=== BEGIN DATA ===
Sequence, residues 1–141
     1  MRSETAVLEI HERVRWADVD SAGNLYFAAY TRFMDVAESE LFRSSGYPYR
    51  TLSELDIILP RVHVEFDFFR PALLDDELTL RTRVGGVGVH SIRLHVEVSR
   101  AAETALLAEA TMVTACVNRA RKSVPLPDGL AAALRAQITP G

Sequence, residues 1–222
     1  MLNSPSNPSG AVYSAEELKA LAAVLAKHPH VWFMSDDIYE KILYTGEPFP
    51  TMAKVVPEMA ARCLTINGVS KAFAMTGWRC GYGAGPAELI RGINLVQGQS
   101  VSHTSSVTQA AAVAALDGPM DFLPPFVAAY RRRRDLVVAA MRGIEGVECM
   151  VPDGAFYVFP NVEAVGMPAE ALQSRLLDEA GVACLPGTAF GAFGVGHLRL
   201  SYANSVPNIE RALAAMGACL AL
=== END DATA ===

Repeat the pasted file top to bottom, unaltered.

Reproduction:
Sequence, residues 1–141
     1  MRSETAVLEI HERVRWADVD SAGNLYFAAY TRFMDVAESE LFRSSGYPYR
    51  TLSELDIILP RVHVEFDFFR PALLDDELTL RTRVGGVGVH SIRLHVEVSR
   101  AAETALLAEA TMVTACVNRA RKSVPLPDGL AAALRAQITP G

Sequence, residues 1–222
     1  MLNSPSNPSG AVYSAEELKA LAAVLAKHPH VWFMSDDIYE KILYTGEPFP
    51  TMAKVVPEMA ARCLTINGVS KAFAMTGWRC GYGAGPAELI RGINLVQGQS
   101  VSHTSSVTQA AAVAALDGPM DFLPPFVAAY RRRRDLVVAA MRGIEGVECM
   151  VPDGAFYVFP NVEAVGMPAE ALQSRLLDEA GVACLPGTAF GAFGVGHLRL
   201  SYANSVPNIE RALAAMGACL AL